Ethics without Ontology by Hilary Putnam

By Hilary Putnam

During this short e-book essentially the most exotic residing American philosophers takes up the query of no matter if moral judgments can safely be thought of objective--a query that has vexed philosophers during the last century. the efforts of philosophers from the Enlightenment during the 20th century, Putnam lines the ways that moral difficulties come up in a ancient context. Hilary Putnam's imperative obstacle is ontology--indeed, the very inspiration of ontology because the department of philosophy involved in what (ultimately) exists. Reviewing what he deems the disastrous effects of ontology's impression on analytic philosophy--in specific, the contortions it imposes upon debates in regards to the target of moral judgments--Putnam proposes forsaking the very proposal of ontology. He argues persuasively that the try to supply an ontological rationalization of the objectivity of both arithmetic or ethics is, in reality, an try and supply justifications which are extraneous to arithmetic and ethics--and is hence deeply misguided.


Hilary Putnam is among the so much unusual dwelling American philosophers, a thinker whose writings have performed a lot to form the time table of analytic philosophy during the last 40 years. a lot of the curiosity of this ebook lies within the means that it illustrates, with unmistakable readability, how serious a critic of mainstream analytic philosophy Putnam has turn into. (Michael Williams, Professor of Philosophy, Johns Hopkins University)

Hilary Putnam's ebook, Ethics with out Ontology, is written with all his traditional readability and verve. It crystallises a few universal subject matters of his paintings in very readable shape. (Christopher Cordner Philosophical Investigations 2007-01-01)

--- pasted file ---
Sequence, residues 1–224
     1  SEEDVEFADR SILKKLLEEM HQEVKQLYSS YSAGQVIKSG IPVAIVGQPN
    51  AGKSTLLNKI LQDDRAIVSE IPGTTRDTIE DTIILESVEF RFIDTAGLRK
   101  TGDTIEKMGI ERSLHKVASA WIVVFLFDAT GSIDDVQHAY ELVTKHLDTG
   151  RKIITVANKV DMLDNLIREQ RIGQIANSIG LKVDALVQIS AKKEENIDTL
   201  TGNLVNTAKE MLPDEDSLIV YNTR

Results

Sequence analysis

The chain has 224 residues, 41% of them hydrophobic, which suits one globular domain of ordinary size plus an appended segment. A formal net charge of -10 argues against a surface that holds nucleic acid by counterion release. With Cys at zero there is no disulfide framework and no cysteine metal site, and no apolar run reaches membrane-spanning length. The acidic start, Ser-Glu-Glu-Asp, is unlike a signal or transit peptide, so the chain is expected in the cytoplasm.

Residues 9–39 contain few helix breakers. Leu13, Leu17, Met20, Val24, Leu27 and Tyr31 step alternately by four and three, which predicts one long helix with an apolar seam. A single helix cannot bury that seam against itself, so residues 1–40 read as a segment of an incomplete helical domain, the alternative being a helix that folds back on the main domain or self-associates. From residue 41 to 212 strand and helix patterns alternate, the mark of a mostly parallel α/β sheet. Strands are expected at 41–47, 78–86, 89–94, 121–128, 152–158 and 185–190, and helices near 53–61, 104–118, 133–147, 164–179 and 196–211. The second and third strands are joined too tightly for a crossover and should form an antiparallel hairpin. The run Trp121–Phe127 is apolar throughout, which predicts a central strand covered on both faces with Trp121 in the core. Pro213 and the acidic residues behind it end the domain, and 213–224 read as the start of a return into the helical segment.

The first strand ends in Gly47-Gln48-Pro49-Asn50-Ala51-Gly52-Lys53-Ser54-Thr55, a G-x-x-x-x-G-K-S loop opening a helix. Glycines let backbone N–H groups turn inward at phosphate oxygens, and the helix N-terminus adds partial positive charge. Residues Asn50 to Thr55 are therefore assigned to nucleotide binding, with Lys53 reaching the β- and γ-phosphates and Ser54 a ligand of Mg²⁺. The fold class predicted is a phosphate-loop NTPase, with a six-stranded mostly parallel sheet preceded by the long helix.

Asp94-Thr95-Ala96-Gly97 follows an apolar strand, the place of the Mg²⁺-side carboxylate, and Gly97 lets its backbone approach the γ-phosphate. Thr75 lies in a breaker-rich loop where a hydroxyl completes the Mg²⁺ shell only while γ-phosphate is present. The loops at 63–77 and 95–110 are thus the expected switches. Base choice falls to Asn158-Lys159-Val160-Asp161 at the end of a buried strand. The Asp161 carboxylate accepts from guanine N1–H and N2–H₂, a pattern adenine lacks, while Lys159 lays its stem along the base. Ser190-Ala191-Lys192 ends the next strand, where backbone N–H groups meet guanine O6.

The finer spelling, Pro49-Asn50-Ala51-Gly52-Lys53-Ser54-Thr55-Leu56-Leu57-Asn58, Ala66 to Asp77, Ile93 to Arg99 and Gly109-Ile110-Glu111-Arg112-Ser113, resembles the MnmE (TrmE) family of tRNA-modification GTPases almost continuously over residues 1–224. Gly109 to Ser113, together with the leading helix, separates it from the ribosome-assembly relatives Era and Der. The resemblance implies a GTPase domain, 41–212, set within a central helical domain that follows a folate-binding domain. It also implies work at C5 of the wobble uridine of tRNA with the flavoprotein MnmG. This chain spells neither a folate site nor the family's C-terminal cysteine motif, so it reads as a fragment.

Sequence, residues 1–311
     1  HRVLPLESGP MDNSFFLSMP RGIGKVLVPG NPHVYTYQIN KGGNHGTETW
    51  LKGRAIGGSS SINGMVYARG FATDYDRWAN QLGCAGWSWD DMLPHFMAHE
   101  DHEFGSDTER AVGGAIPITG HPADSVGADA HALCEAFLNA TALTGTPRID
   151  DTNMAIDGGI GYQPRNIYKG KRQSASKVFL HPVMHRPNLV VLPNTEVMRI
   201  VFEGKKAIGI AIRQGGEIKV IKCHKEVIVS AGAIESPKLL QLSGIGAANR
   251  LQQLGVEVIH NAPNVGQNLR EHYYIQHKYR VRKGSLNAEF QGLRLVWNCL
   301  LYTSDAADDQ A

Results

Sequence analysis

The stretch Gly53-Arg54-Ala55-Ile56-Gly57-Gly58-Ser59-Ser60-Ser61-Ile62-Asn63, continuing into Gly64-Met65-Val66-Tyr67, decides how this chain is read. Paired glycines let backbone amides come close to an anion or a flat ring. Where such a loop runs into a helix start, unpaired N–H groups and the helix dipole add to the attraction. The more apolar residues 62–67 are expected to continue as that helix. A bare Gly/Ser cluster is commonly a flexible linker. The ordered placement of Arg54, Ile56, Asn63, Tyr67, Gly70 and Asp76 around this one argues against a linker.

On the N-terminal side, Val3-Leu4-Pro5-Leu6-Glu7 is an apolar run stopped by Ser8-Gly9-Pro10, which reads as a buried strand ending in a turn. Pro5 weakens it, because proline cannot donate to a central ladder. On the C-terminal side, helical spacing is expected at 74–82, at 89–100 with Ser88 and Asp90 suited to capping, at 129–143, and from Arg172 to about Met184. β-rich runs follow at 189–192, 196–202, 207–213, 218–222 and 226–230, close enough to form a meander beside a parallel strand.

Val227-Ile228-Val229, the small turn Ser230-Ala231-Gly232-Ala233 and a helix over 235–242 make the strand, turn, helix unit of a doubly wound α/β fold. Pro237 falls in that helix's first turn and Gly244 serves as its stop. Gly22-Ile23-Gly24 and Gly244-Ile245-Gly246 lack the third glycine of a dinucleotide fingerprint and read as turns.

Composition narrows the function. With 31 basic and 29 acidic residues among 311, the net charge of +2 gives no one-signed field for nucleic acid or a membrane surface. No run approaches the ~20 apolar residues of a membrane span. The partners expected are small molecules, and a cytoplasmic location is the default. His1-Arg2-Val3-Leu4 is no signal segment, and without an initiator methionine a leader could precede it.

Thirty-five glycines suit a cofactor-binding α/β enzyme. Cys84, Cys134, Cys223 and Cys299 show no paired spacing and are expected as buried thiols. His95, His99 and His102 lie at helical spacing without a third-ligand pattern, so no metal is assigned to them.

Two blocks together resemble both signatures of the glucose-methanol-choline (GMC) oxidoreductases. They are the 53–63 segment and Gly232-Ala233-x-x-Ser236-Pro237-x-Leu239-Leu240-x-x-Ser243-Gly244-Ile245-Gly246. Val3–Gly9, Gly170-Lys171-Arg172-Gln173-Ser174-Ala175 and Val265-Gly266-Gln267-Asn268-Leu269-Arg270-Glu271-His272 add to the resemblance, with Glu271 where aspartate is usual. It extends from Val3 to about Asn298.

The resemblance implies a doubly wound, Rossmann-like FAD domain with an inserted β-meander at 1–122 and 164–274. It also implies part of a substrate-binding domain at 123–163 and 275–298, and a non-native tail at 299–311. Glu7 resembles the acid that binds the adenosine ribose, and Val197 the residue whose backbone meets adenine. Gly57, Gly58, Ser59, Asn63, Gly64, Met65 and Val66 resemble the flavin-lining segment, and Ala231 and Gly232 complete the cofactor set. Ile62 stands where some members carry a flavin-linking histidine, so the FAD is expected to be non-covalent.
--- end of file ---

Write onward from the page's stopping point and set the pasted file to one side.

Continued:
Putnam provokes us in precisely the best way philosophy should...[He] doesn't provide a fine-tuning of a selected method of particular theories. He provocatively heralds a brand new enlightenment in any such means that would no doubt spark criticisms from those that denounce to any extent further enlightenment in want of skeptical outlooks. Putnam has provided a practicable replacement to the 2 dominant, even though well-worn, philosophical hobbies of our day. (Eric Thomas Weber magazine of price Inquiry 2007-12-01)

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Aristotle too was on my list. Although Aristotle was turned into a universalist (or “cosmopolitan”) thinker by the Stoics and later philosophers, I myself do not ªnd in Aristotle’s Nicomachean Ethics, wonderful as that book is, a clear concern with universal community. 14 There are tensions between the concern of Levinasian ethics, which is situational in the extreme, and the concerns of Kant and Aristotle. Levinas’s thought experiment is always to imagine myself confronted with one single suffering human being, ignoring for the moment the likelihood that I am already under obligation to many other human beings.

But both are deºationists. , minds and their sensations)—and they spawned both reductionist and eliminationist versions of, respectively, materialism and idealism. When in the last of these four lectures I present an obituary on the project of Ontology, it will be an obituary on all of these versions, the deºationary as well as the inºationary. In place of Ontology (note the capital “O”), I shall be defending what one might call pragmatic pluralism, the recognition that it is no accident that in everyday language we employ many different kinds of discourses, discourses subject to different standards and possessing different sorts of applications, with different logical and grammatical fea- 22 E T H I C S W I T H O U T O N TO LO GY tures—different “language games” in Wittgenstein’s sense— no accident because it is an illusion that there could be just one sort of language game which could be sufªcient for the description of all of reality!

And Levinas is right to remind us that even if the ethical person acts in accordance with the Categorical Imperative, her focus is not on the Kantian principle as an abstract rule, but on the particular other person she is trying to help. Most ethicists, however, down to the present day, still opt for one or another of the concerns I have listed, or perhaps opt simply for the Utilitarian concern with maximizing pleasure (the greatest pleasure of the greatest number for the longest period of time, or some successor to that formula) and try either to deny the ethical signiªcance of the other 28 E T H I C S W I T H O U T O N TO LO GY concerns or else to reduce them to their favorite concern.

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